FAO in emergencies app

Download now!

Connect with us

World Humanitarian Day 2016: Staff profiles

Staff profiles: Mohamed - Nigeria

This year, significant territory previously controlled by Boko Haram in northeast Nigeria has been rendered accessible to humanitarian assistance. People in these areas face alarming levels of food insecurity. After three consecutive lost seasons, resuming agricultural livelihoods is a priority.

Mohamed SYLLA is Guinean and has been working for FAO since March 2015 as a Food Security Expert seconded by NRC/NORCAP within the FAO Subregional Resilience Team for West Africa/Sahel based in Dakar, Senegal. Here, he talks to us about his work in northeast Nigeria.

What motivated you to work in the humanitarian field?
My motivation started very early, and I engaged when in secondary school in many activities, including in voluntary activities with the Red Cross and the Scouting movement. Then in 1998, and as fighting and violence reached extreme levels in Sierra Leone during the civil war, I read in the newspapers that the first group of refugees had arrived in Conakry. I was very shocked and decided to go to the Sierra Leone Embassy to see how I could assist. The situation of these refugees was worse than I thought, and I decided to take at least three unaccompanied children to my home. I shared this thought with my brother who was our head of family and who agreed, but realized that we couldn’t accommodate three people in our house. He said “but if you want to share your room with one person, it is ok”. And I did! The boy stayed five years with us until he finished high school and was resettled by UNHCR in Norway. He is now a nurse in Oslo and studied medicine at the university to become a Doctor! We are now family.

In 1999, while I was finishing my masters degree, I went to Gueckedou, a Guinean border town with Liberia and Sierra Leone, where refugees camps were established. I saw a job ad of Care International to work in refugee camps, and found that it matched my ideals and was a very good first job opportunity. I applied and succeeded in all tests and interviews. I then became ‘officially’ a humanitarian worker, as Food Distributor from January to December 2000. Since then, I’ve always worked in the humanitarian field, and after 16 years, I am still in!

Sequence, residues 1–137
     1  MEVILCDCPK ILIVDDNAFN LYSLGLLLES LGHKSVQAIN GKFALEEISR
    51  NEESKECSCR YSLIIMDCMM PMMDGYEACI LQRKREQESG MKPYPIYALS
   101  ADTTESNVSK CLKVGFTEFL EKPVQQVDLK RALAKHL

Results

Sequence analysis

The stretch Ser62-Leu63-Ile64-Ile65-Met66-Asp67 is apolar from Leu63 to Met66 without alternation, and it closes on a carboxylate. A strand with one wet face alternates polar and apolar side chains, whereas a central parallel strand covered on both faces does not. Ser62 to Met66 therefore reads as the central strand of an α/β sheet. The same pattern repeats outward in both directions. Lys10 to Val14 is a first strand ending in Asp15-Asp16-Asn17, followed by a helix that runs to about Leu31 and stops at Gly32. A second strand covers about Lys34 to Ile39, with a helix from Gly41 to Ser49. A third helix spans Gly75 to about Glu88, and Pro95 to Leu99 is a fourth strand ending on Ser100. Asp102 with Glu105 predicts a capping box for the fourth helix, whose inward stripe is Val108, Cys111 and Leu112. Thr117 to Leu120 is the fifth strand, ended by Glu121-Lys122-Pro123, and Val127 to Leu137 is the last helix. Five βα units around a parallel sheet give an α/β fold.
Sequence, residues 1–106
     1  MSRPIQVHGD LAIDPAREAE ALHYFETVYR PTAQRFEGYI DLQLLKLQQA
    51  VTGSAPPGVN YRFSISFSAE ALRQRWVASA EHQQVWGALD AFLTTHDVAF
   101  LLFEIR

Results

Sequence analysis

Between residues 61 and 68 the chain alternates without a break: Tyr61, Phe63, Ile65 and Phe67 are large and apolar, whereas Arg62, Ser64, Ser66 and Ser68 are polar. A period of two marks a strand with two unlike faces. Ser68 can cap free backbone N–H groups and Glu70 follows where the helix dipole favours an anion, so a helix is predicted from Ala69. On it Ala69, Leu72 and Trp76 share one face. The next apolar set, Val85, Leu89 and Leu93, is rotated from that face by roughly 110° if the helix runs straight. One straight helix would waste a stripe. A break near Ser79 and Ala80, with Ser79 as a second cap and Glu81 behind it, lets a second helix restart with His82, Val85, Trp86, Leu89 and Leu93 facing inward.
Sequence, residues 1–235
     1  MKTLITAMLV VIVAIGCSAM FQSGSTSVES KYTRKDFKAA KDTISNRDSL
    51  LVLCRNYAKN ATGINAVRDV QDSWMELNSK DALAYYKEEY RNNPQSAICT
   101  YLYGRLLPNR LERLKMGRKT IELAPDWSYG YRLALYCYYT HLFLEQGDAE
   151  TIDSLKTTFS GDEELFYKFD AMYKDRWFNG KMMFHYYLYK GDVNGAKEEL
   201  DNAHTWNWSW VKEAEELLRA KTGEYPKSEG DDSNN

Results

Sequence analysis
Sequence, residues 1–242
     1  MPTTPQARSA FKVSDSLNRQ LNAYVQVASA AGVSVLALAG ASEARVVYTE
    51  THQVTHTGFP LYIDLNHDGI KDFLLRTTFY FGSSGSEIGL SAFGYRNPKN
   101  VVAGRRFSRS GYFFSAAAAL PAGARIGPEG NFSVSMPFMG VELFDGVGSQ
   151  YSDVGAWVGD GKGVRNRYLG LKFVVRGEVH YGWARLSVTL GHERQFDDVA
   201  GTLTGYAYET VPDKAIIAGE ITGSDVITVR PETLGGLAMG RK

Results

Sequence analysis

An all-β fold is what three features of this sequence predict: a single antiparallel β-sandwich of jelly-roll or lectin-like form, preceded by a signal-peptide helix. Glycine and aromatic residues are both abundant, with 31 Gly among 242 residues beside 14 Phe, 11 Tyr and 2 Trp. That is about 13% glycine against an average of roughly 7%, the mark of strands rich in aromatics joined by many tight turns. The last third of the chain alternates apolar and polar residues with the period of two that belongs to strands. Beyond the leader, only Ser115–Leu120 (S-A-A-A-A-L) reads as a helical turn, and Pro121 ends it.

Can you give an overview of the scope of the current emergency in northeast Nigeria and what you’ve seen on your recent field mission?
Insecurity and deadly attacks have led more than 2 million people to flee their homes in northeast Nigeria. Most have been displaced several times and have been relying on the scarce resources of host communities for two to three years. They say that they are in desperate need of assistance, and indeed when you go there, you can see they really don’t have much to cope with. They try to earn some money by selling wood, or by begging along main roads. Young people have nothing to do. In Borno and Yobe States, you can see several abandoned villages with destroyed houses, some of them have been burnt. At the same time in the most secured areas, some places are being rebuilt. Communities that remain in conflict-affected areas face huge difficulties to meet their needs, including for food. Areas where insecurity still prevents us to go are of major concern.